Associated Press Target Corp. on Tuesday reported muted financial results but also that minimum salaries would be rising.
FILE- This May 3, 2017, file photo shows the Target logo on a store in Upper Saint Clair, Pa. Target Corp. reports financial results on Tuesday, March 6, 2018. (AP Photo/Gene J. Puskar, File)
Wednesday, March 07, 2018 1:00 am
Target profits muted, wages up
Making moves in effort to compete with rival Amazon
ANNE D'INNOCENZIO | Associated Press
NEW YORK – Target is increasing the minimum hourly pay to $12 starting this spring, the second increase in a matter of months, while accelerating its reinvention plan to make the discounter more competitive in the age of Amazon.
The discounter's moves, announced at its annual investor meeting in Minneapolis, where the company is based, come as its ambitious plan to make itself over is driving more people to its stores and its website. But the cost of such a massive overhaul, along with its pay increases, squeezed its fourth-quarter profits, and it took some shine off overall strong quarterly sales.
The company also offered a muted profit outlook.
In fact, shares were trading lower Tuesday on the news of muted profits before the announcement of the pay hike. And investors punished the stock further, sending shares down nearly 5 percent.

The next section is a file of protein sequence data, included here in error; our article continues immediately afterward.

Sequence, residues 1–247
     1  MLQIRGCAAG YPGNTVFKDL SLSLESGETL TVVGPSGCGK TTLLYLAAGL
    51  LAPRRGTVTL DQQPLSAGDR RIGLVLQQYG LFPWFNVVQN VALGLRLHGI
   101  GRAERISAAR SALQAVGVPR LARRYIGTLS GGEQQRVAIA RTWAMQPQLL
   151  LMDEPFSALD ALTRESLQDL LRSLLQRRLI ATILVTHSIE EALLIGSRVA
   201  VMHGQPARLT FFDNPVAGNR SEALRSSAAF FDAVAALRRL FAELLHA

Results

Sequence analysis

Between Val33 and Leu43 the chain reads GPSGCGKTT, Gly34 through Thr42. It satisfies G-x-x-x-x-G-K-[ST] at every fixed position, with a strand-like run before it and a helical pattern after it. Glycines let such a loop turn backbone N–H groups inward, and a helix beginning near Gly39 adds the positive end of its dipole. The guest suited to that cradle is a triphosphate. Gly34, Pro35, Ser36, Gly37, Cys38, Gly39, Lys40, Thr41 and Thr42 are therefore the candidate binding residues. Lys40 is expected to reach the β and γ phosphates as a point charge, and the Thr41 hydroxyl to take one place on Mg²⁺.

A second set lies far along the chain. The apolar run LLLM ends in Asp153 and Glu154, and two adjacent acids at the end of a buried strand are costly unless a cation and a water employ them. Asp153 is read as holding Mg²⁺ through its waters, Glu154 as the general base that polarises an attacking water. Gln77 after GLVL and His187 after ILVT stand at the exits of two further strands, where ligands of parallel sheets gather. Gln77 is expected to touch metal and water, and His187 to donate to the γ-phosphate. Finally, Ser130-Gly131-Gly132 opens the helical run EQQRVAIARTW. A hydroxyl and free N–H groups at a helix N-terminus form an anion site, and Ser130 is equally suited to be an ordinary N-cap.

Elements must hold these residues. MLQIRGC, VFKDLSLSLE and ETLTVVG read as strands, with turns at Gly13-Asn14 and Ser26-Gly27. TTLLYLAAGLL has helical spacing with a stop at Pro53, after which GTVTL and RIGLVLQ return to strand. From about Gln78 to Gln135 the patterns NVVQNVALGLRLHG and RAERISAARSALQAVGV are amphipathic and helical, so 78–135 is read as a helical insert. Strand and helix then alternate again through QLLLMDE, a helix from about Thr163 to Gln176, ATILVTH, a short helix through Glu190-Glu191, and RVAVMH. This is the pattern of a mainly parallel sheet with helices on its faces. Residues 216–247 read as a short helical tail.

Last fall, Target increased its hourly wage to $11 from $10. Brian Cornell, CEO of Target, told analysts Tuesday the company saw a better applicant pool and a 60 percent spike in the number of applicants in the days after the announcement. Cornell reiterated Tuesday its promise to increase the minimum pay to $15 by the end of 2020.
Target also announced other initiatives to help it speed up deliveries and make shopping in its stores easier. The company is rolling out free, two-day shipping for hundreds of thousands of items on Target.com. Except for holders of its branded credit card, shoppers previously needed to spend at least $35 to get free shipping. And its same-day delivery service, which was tested New York City, is being rolled out to key cities in the U.S. such as Boston and Chicago. Target, which was testing curbside pickup at 50 stores, said it also plans to expand to 1,000 locations nationwide.
“2017 was a year of significant progress,” Cornell said. “2018 is all about acceleration.”
Target earned $1.1 billion, or $2.02 per share, in the fourth quarter, compared with $817 million, or $1.45 per share, a year earlier. Earnings, adjusted for one-time gains and costs, were $1.37 per share, which is 2 cents short of analyst projections, according to Zacks Investment Research.
Revenue rose 10 percent to $22.77 billion, edging out expectations for $22.46 billion.
Target reported a 3.6 percent increase in revenue at stores opened at least a year. That beat estimates of a 3.1 percent gain, according to FactSet. Same-store sales, a crucial barometer in the industry, rose more than 4 percent in January, suggesting that Target's transformation is sustainable.
Customer traffic rose 3.2 percent and online sales jumped 29 percent in the fourth quarter. The company logged healthy sales growth in all five of its merchandising areas, including fashion and home furnishings.